• As Melbourne councils introduce further FOGO services, the existing capacity to consolidate and reprocess organics into compost will be insufficient.
    • Dedicated Special Materials Recovery Centres (transfer stations for organics) are recommended for hubs identified in the SWRRIP in Melbourne’s western (Laverton North) and northern (Epping) suburbs.
    • Due to the challenges in meeting EPA requirements and managing social licence to operate, it is unlikely that any future significant organics reprocessing will occur in metropolitan Melbourne.
    • To meet the increasing FOGO service demands, and to meet Melbourne’s growing population and traffic congestion, Infrastructure Victoria recommends that SMRCs are constructed to provide opportunities to consolidate and aggregate FOGO prior to transportation, enabling transport efficiencies to be realised and haul FOGO to regional Victorian reprocessing facilities.
    • Laverton North is approximately 50km from the Barwon South West region and approximately 100km from the Central West region. Epping is approximately 30km from the southern end of the Goulburn Valley region and approximately 125km from the Central West region.
    • Melbourne’s south east is presently well serviced.
  • In-vessel composting has been recommended in areas close to large regional centres to manage EPA requirements, social licence and urban amenity issues.
  • Open windrow composting has been recommended in regional Victorian locations that are potentially more likely to manage EPA requirements, social licence and urban amenity issues.

Paper and cardboard

  • Pulp mills have been recommended following the COAG export ban to manage the shortfall in both capacity and capability to meet these new requirement and/or domestic production requirements. However it must be noted that such infrastructure is expensive and based on current paper markets, the entrance of any new stakeholders is considered to be unlikely. Therefore, any new pulp mills would likely need to complement existing market players.
  • There is an opportunity for niche and bespoke paper and cardboard products to be produced to meet shifting consumer sentiment and corporate shifts away from single use plastics in packaging.
  • Additional paper separation technology upgrades at MRFs are recommended to meet the COAG waste export ban requirements.
  • Further C&I paper recovery facilities are also recommended to meet the COAG waste export ban requirements.


  • Further investment is required in plastics reprocessing infrastructure including to mechanically shred, wash, granulate, flake by single polymer type or pelletise by single polymer type.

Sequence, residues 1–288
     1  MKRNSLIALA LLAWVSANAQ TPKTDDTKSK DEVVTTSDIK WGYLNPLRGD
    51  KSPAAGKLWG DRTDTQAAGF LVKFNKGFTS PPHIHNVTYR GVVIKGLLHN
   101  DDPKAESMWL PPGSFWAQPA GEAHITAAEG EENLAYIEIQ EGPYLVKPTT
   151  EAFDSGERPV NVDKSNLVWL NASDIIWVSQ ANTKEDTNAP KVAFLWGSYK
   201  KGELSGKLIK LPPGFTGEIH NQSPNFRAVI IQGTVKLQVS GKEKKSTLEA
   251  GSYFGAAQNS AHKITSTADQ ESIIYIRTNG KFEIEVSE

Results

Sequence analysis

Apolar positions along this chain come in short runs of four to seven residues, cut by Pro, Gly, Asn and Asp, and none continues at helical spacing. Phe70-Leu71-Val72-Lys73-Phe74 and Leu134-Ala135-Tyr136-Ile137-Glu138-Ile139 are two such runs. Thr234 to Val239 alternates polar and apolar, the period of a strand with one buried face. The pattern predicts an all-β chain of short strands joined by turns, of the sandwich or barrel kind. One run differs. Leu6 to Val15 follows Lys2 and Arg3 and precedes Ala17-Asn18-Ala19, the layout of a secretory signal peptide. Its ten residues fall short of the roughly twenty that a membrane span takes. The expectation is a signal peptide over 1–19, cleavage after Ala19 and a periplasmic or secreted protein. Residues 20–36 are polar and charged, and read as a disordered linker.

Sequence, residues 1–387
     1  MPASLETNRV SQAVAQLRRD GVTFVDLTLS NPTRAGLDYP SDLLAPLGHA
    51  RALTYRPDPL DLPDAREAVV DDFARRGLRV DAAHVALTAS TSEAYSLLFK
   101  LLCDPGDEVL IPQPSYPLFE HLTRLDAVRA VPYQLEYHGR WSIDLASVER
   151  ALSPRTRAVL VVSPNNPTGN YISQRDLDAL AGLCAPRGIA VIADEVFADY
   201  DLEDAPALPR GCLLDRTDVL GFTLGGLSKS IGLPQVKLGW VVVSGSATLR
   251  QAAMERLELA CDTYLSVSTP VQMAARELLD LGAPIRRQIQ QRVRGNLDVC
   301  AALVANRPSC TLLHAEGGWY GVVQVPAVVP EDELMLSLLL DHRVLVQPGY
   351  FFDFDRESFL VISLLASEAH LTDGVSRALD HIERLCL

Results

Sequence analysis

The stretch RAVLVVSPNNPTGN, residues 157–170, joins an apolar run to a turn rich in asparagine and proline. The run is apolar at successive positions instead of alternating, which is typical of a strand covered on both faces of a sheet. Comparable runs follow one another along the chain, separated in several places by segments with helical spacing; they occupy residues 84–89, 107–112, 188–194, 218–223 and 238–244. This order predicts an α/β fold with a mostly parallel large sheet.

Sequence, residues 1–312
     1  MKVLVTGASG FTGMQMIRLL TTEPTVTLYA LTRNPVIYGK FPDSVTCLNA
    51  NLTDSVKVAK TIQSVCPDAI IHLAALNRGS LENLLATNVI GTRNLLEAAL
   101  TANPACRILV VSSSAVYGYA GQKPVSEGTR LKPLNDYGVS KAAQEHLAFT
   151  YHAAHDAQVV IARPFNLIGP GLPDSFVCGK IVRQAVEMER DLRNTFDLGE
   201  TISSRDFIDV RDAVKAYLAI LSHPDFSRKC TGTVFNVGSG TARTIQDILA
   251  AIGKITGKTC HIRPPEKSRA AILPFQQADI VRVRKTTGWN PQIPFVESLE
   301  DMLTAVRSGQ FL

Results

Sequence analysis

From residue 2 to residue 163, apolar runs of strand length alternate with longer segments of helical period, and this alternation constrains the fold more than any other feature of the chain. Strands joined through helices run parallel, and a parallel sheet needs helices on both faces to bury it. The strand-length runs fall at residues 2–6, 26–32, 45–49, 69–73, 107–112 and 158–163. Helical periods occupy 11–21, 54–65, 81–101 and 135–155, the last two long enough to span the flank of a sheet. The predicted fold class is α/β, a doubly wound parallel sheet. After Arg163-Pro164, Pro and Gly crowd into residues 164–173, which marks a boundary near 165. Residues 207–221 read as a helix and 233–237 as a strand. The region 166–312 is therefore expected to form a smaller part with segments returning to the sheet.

• Victoria potentially has significant competitive advantage and existing plastics manufacturing infrastructure that could be leveraged to manage this challenge. Victoria is currently home to two major plastics resins manufacturing businesses.
    • Qenos has resins manufacturing production operations in NSW and in Altona, Victoria. Qenos is the sole manufacturer of polyethylene in Australia.
    • LyondellBasell has resins manufacturing production operations in NSW and Geelong, Victoria. LyondellBasell is the sole manufacturer of polypropylene in Australia.
    • The presence of these two major resins manufacturers in Victoria, with considerable market access, represents a significant opportunity to use recovered plastics in resins manufacturing in Australia.
  • Investment in both metropolitan Melbourne and regional Victoria would be appropriate. Regional Victoria has historically proven to be suitable for the reprocessing of plastics and there are opportunities for regional flaking and pelletising infrastructure.


  • No further tyre reprocessing to shred tyres is required in Victoria to meet current domestic and export market demands.
  • However, should there be interest in building domestic demand for Tyre Derived Products from passenger tyres, then there is an opportunity for investment in increased fibre separation infrastructure.
  • It is recommended that such infrastructure be located in Melbourne’s northern suburbs where Victoria’s two major tyre reprocessing businesses are located.


  • Generally, Victorian MRF infrastructure will need upgrading to increase the ability to sort and separate mixed materials. Presently, MRFs typically produce bales of mixed materials including paper and plastics. The market demand and in some cases, market authorisation, is seeing limited outlets for mixed baled materials. Further investment will be required in infrastructure to present sorted, clean streams of recovered materials.
  • Beyond this, there are notable gaps in the provision of MRF infrastructure in Victoria’s south west and central western regions. Infrastructure Victoria sees opportunities for new MRF infrastructure to be located in Geelong and Ballarat to service these Victorian regions.

Note: Locations are indicative only based on Infrastructure Victoria methodology. In some instances facilities are likely to be outside of the identified town centres in a neighbouring area. Capex costs are based on 2020 cost estimates only. Tonnes per annum are based on Waste Data Flows analysis. Number of facilities to manage projected TPA may be scaled up or down based on facility size design. Proposed scale is indicative only.